India-Mauritius tax treaty: An end and a new beginning

The stride taken by the Government perhaps also reflects their belief in the economy and the ability to attract foreign investment without tax incentives

Updated: Jun 7, 2016 08:54:41 AM UTC
The protocol gives India the right to tax capital gains on transfer of Indian shares acquired on or after 1 April 2017 (Photo: Shutterstock)

Recent news of India and Mauritius signing a Protocol to amend their 33 year old tax treaty caused seismic changes in the tax world. Though not completely unanticipated, the change is significant for foreign investors to go back to the drawing board and reassess their structures.

The tax treaty between India and Mauritius was signed in 1982 in keeping with India’s strategic interests in the Indian Ocean and India’s close cultural links with Mauritius. The treaty provides for a capital gains tax exemption to a Mauritius resident on transfer of Indian securities.

As India opened the doors of its economy to foreign investment in 1991, Mauritius became a favourite jurisdiction for channelling investments into India. Soon enough, the Indian tax officers did not appreciate the prospect of perceived letter box companies in Mauritius claiming the tax exemptions and sent tax bills to them, alleging misuse of treaty. The Government of the day, concerned about the impact of these actions on stock markets, foreign inflows and the rupee, issued a circular in the year 2000 to halt the tax officers’ actions. The party continued and Mauritius emerged as the top destination for foreign investment into India (Mauritius ranks first in terms of FDI investment into India, with 33% of the total FDI coming from Mauritius; on portfolio investment, Mauritius ranks no. 2 after the US). While the golden tap kept flowing, apprehensions on round tripping of money by Indians via Mauritius continued even as successive Governments made efforts to renegotiate the treaty.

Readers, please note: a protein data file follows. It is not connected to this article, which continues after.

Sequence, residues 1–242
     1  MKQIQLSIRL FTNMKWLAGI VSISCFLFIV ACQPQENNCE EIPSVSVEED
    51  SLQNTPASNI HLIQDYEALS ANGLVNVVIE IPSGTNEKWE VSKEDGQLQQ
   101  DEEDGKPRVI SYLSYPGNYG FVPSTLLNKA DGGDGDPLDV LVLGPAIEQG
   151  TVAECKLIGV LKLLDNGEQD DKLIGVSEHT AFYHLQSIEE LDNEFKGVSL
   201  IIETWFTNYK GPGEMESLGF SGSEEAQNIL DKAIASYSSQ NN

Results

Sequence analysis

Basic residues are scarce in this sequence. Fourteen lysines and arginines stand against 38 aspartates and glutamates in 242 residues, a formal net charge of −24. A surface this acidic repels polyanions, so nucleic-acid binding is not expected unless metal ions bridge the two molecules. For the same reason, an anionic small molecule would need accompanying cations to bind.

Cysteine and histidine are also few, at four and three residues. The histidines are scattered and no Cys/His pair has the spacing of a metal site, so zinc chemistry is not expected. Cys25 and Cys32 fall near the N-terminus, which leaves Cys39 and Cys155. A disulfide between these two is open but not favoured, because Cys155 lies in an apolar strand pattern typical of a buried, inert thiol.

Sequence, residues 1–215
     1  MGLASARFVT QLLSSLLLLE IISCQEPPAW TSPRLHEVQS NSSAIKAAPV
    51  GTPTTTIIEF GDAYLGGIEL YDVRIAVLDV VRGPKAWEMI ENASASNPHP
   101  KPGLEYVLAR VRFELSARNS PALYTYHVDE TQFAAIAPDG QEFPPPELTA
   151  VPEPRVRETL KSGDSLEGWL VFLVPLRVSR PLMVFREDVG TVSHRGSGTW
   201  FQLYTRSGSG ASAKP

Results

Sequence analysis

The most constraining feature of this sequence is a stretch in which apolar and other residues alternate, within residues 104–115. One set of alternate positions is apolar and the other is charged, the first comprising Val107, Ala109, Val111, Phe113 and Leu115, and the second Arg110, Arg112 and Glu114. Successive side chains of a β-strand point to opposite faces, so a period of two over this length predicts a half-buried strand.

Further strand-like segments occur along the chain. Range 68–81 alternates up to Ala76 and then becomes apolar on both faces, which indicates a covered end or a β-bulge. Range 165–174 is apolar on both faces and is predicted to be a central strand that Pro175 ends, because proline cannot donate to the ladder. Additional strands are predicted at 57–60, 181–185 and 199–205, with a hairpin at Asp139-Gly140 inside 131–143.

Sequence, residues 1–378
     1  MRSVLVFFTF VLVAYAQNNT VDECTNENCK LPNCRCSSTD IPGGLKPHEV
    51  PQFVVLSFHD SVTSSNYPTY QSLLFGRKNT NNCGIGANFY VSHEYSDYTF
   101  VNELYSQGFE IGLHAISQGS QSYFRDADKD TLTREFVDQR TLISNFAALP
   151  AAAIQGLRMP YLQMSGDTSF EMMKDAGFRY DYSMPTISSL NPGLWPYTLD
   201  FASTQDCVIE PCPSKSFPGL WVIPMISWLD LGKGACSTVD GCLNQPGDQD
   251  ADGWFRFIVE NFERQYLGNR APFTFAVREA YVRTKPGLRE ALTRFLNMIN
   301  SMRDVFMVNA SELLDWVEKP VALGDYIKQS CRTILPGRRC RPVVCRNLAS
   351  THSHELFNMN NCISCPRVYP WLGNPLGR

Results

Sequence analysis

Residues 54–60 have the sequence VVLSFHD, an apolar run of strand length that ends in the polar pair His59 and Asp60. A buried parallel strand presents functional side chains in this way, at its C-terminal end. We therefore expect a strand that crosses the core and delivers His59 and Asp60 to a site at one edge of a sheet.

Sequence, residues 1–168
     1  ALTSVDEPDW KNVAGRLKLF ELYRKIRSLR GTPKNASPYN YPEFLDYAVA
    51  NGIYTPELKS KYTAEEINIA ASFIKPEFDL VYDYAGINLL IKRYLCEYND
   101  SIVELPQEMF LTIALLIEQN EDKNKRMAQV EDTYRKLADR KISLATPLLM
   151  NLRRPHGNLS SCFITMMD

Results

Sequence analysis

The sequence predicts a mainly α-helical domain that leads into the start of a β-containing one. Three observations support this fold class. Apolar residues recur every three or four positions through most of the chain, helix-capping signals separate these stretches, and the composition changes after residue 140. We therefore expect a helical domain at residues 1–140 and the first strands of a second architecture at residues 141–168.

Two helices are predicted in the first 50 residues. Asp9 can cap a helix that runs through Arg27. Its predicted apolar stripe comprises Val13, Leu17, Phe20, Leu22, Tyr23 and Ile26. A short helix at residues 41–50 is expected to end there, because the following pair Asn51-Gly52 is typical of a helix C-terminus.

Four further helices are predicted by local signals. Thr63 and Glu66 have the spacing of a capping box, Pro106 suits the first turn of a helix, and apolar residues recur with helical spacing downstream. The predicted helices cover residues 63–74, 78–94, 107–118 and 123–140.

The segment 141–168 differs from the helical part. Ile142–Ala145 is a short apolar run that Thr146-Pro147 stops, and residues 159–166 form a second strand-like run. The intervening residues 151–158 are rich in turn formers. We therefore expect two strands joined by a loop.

Timing of the change - Why now? The present Government came to power promising action on black money stashed abroad. Globally too there was widespread resentment against companies failing to pay their fair share of taxes. More notably, the OECD and G20 countries’ globally co-ordinated action plan on Base Erosion and Profit Shifting (BEPS) gave a shot in the arm to the Indian Government in the renegotiation process and virtually shut hopes of a possible continuation of the capital gains exemption with a limitation of benefits (LOB) clause in place, which was the hope and expectation of the investor community. Politically, this would be viewed as an achievement for the Government.

The Government’s press release issued after the signing of the Protocol states that “the protocol will tackle the long pending issues of treaty abuse and round tripping of funds attributed to the India-Mauritius treaty, curb revenue loss, prevent double non-taxation, streamline the flow of investment and stimulate the flow of exchange of information between India and Mauritius.” The stride taken by the Government perhaps also reflects their belief in the economy and the ability to attract foreign investment without tax incentives.

What does the Protocol say?